Adama is inspired by spreadsheets. Beyond capturing data in tables, spreadsheets have formulas to enable various useful forms of computation. This idea is a key part behind the reactive programming model in Adama. It's easy to define a formula, and here is an example:
public int x; public int y; public formula len = Math.sqrt(x * x + y * y);
formula identifier is used like a type but enables the right-hand side of the '=' to be an expression combining any previously defined state (or other formulas) in a glorious mathematical expression. There are two key rules important to address:
- The right-hand side must be "pure" in a side effect free kind of way. That is, it is unable to mutate the document. Practically, this means that only math and functions can be used. Procedures are strictly forbidden.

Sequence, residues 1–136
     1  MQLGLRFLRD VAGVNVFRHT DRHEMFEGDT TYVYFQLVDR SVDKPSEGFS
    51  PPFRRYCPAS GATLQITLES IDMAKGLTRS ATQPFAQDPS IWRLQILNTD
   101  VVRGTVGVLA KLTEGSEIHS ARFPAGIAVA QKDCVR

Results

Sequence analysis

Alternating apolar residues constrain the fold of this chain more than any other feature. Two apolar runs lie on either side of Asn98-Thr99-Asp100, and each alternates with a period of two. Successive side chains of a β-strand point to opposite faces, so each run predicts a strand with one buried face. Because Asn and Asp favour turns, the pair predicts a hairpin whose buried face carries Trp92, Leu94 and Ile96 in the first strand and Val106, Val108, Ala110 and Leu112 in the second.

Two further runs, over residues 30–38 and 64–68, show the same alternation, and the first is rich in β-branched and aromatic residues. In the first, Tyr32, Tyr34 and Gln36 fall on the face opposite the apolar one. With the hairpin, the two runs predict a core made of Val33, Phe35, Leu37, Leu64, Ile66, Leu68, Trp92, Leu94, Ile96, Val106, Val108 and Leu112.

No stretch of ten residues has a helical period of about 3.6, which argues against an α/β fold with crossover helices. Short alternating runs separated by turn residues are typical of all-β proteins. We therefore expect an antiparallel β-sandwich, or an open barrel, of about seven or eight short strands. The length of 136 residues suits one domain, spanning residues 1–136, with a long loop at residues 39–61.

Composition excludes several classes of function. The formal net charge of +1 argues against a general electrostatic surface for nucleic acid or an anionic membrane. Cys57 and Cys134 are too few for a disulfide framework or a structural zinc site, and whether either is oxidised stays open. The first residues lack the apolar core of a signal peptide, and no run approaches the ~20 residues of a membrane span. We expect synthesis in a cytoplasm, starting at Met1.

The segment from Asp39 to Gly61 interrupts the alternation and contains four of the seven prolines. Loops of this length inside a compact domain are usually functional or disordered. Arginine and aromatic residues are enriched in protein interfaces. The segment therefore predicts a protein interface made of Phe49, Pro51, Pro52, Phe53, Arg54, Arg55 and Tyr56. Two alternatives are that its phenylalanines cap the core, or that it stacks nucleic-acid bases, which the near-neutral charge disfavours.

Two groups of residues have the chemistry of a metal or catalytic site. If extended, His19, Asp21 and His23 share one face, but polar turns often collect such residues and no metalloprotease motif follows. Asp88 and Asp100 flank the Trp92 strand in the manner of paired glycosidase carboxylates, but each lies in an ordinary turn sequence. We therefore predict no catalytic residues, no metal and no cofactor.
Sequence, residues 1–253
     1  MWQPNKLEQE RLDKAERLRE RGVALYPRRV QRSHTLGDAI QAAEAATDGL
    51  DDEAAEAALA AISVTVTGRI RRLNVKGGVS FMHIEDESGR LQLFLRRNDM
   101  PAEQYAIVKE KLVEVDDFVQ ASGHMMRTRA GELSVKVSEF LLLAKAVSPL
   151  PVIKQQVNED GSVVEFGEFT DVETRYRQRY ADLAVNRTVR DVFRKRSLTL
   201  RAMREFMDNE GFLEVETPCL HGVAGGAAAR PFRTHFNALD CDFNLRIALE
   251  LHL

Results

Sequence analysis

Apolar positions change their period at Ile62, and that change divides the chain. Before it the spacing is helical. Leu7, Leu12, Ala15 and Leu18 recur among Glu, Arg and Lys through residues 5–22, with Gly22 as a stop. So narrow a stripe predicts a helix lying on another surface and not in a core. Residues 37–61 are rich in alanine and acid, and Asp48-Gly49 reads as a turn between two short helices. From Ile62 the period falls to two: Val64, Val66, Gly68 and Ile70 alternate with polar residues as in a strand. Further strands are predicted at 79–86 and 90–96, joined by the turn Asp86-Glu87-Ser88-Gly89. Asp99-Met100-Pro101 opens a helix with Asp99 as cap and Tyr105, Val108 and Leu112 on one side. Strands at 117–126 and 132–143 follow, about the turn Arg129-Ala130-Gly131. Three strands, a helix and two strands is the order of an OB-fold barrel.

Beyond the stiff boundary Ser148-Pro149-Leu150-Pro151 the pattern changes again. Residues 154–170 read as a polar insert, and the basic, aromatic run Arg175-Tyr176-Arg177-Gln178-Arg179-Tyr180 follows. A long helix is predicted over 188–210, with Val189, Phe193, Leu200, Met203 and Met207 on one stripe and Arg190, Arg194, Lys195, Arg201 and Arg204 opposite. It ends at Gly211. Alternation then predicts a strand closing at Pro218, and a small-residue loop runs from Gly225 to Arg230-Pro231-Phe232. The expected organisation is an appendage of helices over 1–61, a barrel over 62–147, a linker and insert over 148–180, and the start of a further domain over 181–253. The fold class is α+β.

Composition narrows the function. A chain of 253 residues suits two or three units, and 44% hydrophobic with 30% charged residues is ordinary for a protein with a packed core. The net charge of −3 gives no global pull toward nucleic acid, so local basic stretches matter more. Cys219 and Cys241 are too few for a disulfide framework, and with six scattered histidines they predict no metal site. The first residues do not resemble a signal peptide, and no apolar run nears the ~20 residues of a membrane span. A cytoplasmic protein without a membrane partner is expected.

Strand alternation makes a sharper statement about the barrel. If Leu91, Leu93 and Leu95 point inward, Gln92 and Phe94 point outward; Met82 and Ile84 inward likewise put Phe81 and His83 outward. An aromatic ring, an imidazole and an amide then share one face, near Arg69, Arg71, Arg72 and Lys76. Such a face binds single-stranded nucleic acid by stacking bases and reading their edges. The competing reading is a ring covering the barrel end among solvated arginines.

- The right-hand side must only refer to a state defined before the introduction of the formula. This prevents circular logic.
With regards to performance and semantics, formulas are 100% lazy. No computation is done until the data is asked for, and the result of the computation is cached until underlying data is invalidated. When data changes happen, the result will be thrown away until the next time the data is called upon.